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A. Hallberg

Fairmont, W.V. | Member Since 2010

  • 3 reviews
  • 51 ratings
  • 364 titles in library
  • 1 purchased in 2015

  • Caveat Emptor: The Secret Life of an American Art Forger

    • UNABRIDGED (9 hrs and 56 mins)
    • By Ken Perenyi
    • Narrated By Dan Butler
    • Whispersync for Voice-ready

    Ten years ago, an FBI investigation was about to expose a scandal in the art world that would have been front-page news in New York and London. After a trail of fake paintings of astonishing quality led federal agents to art dealers, experts, and major auction houses, the investigation inexplicably ended, despite an abundance of evidence. The case was closed and the FBI file was marked “exempt from public disclosure”. Now that the statute of limitations on these crimes has expired and the case appears hermetically sealed shut by the FBI, this audiobook, Caveat Emptor, is that artist, Ken Perenyi’s, confession.

    Tina M. says: "Forgery to Story Telling"
    "Fascinating True Account of Brilliant Art Forger"

    Ken Perenyi is the author and subject of this well narrated true account. He explains how chance encounters combined with his extraordinary innate talent allow him to become one of the worlds greatest art forgers. Interesting on many different levels. Perenyi's talents went completely unrecognized by his teachers and he was relegated to a trade school which was more like a reform school. Learning nothing worthwhile, he had no employment prospects on graduating. He was exposed to the criminal element and somehow was hired doing menial tasks for an art restorer. He quickly showed aptitude and became a self-taught artist. Further random associations lead him to eventually copying famous works. He soon became brilliant and ingeniously learned tricks to fool the worlds experts. I never considered him a true criminal even though he was defrauding banks, art dealers and auction houses of millions of dollars. He is a sympathetic character and handles adversity well. His life is fascinating and well-told.

    6 of 6 people found this review helpful
  • 11-22-63: A Novel

    • UNABRIDGED (30 hrs and 44 mins)
    • By Stephen King
    • Narrated By Craig Wasson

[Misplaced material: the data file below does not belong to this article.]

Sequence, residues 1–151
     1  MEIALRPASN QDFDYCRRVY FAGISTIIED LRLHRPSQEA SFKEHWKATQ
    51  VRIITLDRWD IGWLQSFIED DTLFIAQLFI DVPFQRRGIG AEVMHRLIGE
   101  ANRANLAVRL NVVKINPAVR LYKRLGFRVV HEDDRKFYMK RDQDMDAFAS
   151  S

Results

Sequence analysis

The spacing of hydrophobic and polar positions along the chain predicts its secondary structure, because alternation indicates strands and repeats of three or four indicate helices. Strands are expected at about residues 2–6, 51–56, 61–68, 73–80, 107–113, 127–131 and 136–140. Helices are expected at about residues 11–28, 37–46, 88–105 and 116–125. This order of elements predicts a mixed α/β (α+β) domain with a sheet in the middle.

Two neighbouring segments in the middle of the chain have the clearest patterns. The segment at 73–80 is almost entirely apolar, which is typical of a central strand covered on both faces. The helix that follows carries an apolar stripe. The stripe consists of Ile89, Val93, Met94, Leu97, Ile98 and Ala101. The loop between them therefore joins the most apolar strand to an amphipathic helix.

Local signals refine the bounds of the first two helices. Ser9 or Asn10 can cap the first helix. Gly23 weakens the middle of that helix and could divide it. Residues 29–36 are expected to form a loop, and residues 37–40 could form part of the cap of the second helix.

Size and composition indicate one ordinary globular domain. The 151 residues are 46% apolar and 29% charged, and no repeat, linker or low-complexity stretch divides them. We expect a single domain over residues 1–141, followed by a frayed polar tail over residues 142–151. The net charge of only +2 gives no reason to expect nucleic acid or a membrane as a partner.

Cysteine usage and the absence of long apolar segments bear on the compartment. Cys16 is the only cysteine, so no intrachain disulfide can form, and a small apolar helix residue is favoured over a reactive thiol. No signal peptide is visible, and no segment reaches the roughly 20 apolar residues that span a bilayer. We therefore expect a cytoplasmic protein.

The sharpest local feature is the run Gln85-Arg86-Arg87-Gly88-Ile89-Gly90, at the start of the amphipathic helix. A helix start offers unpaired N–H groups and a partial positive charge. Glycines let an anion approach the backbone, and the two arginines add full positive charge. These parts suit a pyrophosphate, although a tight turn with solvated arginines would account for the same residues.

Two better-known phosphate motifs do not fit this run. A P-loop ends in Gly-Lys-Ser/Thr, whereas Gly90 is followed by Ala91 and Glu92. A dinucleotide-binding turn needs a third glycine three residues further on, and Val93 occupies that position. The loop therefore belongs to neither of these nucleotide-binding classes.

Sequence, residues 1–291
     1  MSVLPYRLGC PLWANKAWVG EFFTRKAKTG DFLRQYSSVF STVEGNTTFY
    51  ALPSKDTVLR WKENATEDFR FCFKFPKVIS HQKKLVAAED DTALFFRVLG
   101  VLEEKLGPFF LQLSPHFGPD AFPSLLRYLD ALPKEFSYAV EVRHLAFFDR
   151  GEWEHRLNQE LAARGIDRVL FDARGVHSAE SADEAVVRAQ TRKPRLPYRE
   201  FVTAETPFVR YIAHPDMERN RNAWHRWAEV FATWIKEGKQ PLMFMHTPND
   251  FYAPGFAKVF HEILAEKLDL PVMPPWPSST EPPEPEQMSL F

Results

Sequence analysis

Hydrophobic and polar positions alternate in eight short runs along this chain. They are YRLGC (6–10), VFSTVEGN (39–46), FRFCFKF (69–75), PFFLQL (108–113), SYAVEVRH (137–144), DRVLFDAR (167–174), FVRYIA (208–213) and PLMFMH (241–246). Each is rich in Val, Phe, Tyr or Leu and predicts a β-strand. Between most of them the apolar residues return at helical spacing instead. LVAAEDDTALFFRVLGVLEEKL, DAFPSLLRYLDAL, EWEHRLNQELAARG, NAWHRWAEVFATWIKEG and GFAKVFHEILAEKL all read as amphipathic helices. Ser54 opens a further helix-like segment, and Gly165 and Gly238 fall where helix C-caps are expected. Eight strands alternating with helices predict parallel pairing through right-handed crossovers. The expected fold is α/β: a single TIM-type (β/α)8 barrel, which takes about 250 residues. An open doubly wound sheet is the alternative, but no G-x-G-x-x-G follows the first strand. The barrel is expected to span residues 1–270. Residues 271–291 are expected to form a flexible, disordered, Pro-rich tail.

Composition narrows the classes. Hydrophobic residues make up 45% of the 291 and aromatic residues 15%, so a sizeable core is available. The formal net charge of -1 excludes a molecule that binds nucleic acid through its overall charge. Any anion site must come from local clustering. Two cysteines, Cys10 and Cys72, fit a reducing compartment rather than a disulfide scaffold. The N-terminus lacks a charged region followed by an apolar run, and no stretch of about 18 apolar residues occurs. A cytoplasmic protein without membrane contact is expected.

On November 22, 1963, three shots rang out in Dallas, President Kennedy died, and the world changed. What if you could change it back? In this brilliantly conceived tour de force, Stephen King - who has absorbed the social, political, and popular culture of his generation more imaginatively and thoroughly than any other writer - takes listeners on an incredible journey into the past and the possibility of altering it.

    Kelly says: "I Owe Stephen King An Apology"
    "Well Told Tale"

    This is a lengthy, enjoyable fantsay about time travel and changing the course of history. Well researched by the author with thousands of details specifically unique to the late fifties and early sixties, it is probably more fun for listeners over the age of fifty, especially if you lived in the South. There is no effort to make time travel technically plausible; there just happens to be a "portal" in the backroom of a small Maine diner. It leads only to one time and place and only two people are aware of it. Once that premise is accepted, it is reasonable that these two feel an ethical obligation to try to favorably alter the course of history. The many details about Oswald and JFK ring true and are embedded in a rich plot filled with action. The narrator is excellent, handles various accents and has a great voice. Overall a pleasant, easy listen perfect for a long drive.

    0 of 0 people found this review helpful
  • The Empire of Tea: The Remarkable History of the Plant that Took Over the World

    • UNABRIDGED (8 hrs and 40 mins)
    • By Alan Macfarlane, Iris Macfarlane
    • Narrated By James Adams, Kelly Birch

    From Darjeeling to Lapsang Souchon, from India to Japan-a fresh, concise, world-encompassing exploration of the way tea has shaped politics, culture, and the environment throughout history. From the fourth century BC in China, where it was used as an aid in Buddhist meditation, to the Boston Tea Party in 1773, to its present-day role as the most consumed substance on the planet, the humble Camellia plant has had profound effects on civilization.

    Paul Z. says: "Good Book"
    Is there anything you would change about this book?

    Add recent information about scientific studies of tea components and effects on brain and physiology instead of constant repetition of "stimulating and relaxing to the constitution". More comparison with coffee and alcohol. Updated information on recent tea growing economics and effects on growing countries. Why can't we grow tea in US? Discuss Celestial Seasoning, Liptons and Bigelow; recent changes in tea market and future trends.

    What could Alan Macfarlane and Iris Macfarlane have done to make this a more enjoyable book for you?

    Consolidated history of Indian and Chinese tea growing. Way too much about boring history of the abusive planter families and the arrogant British colonialists.

    What do you think the narrator could have done better?

    Narrator was fine.

    Did The Empire of Tea inspire you to do anything?

    Switch to alcohol.

    1 of 1 people found this review helpful

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